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Plein air painting, is the act of painting outdoors.
This method contrasts with studio painting or academic rules that might create a predetermined look. The theory of 'En plein air' painting is credited to Pierre-Henri de Valenciennes (1750–1819) first expounded in a treatise entitled Reflections and Advice to a Student on Painting, Particularly on Landscape (1800) where he developed the concept of landscape portraiture by which the artist paints directly onto canvas in situ within the landscape.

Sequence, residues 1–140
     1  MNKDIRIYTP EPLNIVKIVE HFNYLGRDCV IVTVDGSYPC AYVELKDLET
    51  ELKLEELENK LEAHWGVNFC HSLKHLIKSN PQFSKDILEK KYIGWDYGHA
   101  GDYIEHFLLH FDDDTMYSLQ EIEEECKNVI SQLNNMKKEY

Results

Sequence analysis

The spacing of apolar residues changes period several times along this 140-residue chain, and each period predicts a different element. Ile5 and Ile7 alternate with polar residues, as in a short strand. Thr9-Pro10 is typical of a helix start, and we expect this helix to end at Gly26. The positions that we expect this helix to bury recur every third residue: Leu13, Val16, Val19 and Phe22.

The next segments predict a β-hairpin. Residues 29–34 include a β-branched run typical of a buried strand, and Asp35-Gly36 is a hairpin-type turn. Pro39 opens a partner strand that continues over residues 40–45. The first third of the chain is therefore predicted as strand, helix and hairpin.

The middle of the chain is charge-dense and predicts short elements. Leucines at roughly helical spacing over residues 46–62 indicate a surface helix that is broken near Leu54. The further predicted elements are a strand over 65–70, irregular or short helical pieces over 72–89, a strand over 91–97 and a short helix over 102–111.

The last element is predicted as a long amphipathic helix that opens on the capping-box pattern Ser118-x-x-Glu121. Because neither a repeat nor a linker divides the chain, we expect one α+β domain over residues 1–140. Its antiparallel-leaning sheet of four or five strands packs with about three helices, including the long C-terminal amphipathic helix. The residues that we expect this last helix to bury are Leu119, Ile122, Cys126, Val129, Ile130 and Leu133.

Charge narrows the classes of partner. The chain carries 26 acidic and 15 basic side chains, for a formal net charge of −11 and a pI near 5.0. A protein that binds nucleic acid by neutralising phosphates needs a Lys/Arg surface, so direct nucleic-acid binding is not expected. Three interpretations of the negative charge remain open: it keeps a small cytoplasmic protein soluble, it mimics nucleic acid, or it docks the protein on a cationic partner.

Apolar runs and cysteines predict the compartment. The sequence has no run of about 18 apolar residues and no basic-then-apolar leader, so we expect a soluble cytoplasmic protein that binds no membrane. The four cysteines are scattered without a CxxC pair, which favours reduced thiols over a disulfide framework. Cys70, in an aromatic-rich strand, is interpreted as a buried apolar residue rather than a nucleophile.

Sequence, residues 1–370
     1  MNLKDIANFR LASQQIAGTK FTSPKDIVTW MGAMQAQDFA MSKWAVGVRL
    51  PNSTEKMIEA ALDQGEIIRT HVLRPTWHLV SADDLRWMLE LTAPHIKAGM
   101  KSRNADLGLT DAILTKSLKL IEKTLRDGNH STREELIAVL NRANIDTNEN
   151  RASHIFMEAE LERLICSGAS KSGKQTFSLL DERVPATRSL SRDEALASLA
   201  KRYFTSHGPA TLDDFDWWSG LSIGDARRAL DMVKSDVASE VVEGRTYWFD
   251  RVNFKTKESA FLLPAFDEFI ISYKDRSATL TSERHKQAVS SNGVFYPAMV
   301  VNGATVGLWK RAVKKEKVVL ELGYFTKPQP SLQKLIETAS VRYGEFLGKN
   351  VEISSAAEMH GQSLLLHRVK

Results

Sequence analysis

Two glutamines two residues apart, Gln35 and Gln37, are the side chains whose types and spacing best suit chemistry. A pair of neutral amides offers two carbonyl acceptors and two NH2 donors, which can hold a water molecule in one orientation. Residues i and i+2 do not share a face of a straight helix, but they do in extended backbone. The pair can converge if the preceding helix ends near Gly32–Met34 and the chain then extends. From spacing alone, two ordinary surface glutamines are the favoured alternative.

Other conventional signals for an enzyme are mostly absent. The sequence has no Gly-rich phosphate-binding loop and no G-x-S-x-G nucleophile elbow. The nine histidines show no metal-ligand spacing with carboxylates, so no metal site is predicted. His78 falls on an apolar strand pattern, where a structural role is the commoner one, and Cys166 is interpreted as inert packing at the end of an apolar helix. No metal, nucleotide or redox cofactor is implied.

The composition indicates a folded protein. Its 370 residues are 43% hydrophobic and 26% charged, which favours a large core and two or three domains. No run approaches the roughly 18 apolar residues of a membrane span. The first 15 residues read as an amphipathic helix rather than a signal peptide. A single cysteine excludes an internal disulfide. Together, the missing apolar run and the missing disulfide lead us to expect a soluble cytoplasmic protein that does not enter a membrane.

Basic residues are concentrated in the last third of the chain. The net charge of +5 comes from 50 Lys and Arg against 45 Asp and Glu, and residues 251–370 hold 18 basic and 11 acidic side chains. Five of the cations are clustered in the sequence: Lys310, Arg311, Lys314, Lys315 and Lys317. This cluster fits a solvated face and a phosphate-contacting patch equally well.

It enabled the artist to better capture the changing details of weather and light. The invention of portable canvases and easels allowed the practice to develop particularly in France and in the early 1830s the Barbizon school of painting in natural light was highly influential.
Amongst the most prominent features of this school were its tonal qualities, colour, loose brushwork, and softness of form. These were variants that were particularly relevant to the mid 19th-century Hudson River School and to Impressionism